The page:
About a week ago I was chatting with a co-worker about the upcoming holiday (Thanksgiving, for those who have been sleeping lately). This co-worker had shared earlier in the day that this time of year is really hard for her family because her dad died 17 years ago on Thanksgiving weekend, and his birthday was at the end of November. She also mentioned that it was her grandparents 65th wedding anniversary, but that they haven't celebrated it in 17 years because of the loss of their son.
It wasn't the first time I've been struck by this co-worker (who is just 21) and her legacy of sorrow. It is sometimes hard to tell if the grief clings to her or if she (and her family) cling to it. But this time, it really hit me. I challenged her to not dwell on what has been lost in life and to, instead, consider what has been gained. And I wasn't making that challenge to her alone.
Over the last several years, there has been a lot of loss in my life and around me. My cousin, Tyler, drowned at age 17. My grandmother died. One of my uncles died. This year alone, I've had a co-worker lose a daughter-in-law in a freak accident, another co-worker's husband died suddenly, and just today I heard of another co-worker's father-in-law who passed away. And of course, Will left us.
So as I've been reflecting on all this heartache and sorrow and loss, as I watch how people deal, there seems to be two main camps. Some, like my co-worker's grandparents (and her entire family) hold it. They let it color their every hour. It rules their thoughts, their actions, and in the end, their lives. Others learn to keep a more open hand. The grief is no less real, it's no less a constant companion, but they do not cater to it. They remember that life is meant to be lived, and we can't do that if we are wallowing and sinking into the mire of loss and heartache. So they live. They laugh. They keep going. And yes, there are moments when it hits them hard, afresh. And they might be out for the count for a day or a week or just a minute.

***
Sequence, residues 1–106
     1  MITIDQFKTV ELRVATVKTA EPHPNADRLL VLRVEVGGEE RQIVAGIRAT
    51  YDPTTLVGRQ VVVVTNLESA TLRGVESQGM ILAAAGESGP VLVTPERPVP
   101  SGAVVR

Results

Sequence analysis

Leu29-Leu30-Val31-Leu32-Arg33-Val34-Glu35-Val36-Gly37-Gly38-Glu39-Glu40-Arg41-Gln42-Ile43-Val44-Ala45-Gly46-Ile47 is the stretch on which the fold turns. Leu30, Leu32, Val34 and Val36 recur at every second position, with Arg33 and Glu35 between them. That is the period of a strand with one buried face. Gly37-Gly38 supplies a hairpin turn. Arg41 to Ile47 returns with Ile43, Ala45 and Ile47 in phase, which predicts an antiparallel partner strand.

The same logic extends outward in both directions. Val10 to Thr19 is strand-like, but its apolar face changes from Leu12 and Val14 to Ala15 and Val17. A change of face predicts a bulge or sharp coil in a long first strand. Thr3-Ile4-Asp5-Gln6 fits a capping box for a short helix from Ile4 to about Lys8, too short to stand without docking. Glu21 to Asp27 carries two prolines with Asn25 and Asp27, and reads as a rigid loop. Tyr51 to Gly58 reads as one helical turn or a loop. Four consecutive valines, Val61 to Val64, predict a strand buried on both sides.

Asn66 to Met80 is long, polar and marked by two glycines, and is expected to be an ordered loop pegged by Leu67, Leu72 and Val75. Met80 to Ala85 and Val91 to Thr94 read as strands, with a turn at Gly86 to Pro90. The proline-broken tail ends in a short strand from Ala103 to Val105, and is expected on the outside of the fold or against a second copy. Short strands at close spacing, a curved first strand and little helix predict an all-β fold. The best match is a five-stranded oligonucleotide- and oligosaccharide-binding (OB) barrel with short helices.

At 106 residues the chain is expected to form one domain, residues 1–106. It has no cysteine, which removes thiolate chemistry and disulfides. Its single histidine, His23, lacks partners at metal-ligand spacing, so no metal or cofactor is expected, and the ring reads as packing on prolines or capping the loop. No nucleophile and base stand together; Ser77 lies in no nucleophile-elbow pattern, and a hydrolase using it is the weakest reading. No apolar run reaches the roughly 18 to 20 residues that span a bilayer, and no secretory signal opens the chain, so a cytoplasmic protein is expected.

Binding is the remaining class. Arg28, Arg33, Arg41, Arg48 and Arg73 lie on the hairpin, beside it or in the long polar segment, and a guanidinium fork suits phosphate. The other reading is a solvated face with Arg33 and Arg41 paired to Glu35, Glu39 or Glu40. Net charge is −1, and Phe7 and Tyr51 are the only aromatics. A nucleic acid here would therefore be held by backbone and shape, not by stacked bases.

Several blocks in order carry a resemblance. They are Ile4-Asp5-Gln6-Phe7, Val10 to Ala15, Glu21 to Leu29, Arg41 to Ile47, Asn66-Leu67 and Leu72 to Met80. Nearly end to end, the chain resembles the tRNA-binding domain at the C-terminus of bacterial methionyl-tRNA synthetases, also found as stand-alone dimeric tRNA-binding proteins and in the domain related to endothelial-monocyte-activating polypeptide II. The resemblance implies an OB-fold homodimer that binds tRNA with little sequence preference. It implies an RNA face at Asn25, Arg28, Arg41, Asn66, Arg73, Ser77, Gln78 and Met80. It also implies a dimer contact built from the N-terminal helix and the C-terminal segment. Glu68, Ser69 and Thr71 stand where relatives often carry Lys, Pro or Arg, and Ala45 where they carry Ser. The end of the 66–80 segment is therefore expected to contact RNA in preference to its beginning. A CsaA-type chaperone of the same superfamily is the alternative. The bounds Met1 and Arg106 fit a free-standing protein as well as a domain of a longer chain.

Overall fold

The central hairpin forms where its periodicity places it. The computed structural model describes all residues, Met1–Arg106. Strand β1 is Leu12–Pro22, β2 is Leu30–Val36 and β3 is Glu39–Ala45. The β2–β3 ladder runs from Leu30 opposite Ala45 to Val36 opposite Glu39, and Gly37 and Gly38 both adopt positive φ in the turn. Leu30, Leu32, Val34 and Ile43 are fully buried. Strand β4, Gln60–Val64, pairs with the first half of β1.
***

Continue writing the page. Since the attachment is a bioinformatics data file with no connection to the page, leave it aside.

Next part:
I don't want to be the sort who quits celebrating one joyful occasion just because something tragic happens around the same time. I hope Scott and Shelly never stop celebrating their marriage, because it is beautiful and worthy of celebration, even if their precious son departed from this world a day before that anniversary. I won't stop celebrating New Year's day as a fresh start even though my grandma passed away on that date. To stop celebrating is to let the darkness win. To give into despair.
So like the song says, you've got to know when to hold 'em, know when to fold 'em. Know when to walk away, and know when to run. For me, that means I figure out when I need to grieve, but also when to stop and to celebrate. It reminds me to remember the good times, and not to hold the tears inside for too long.
And there will be time enough for counting when the dealin's done...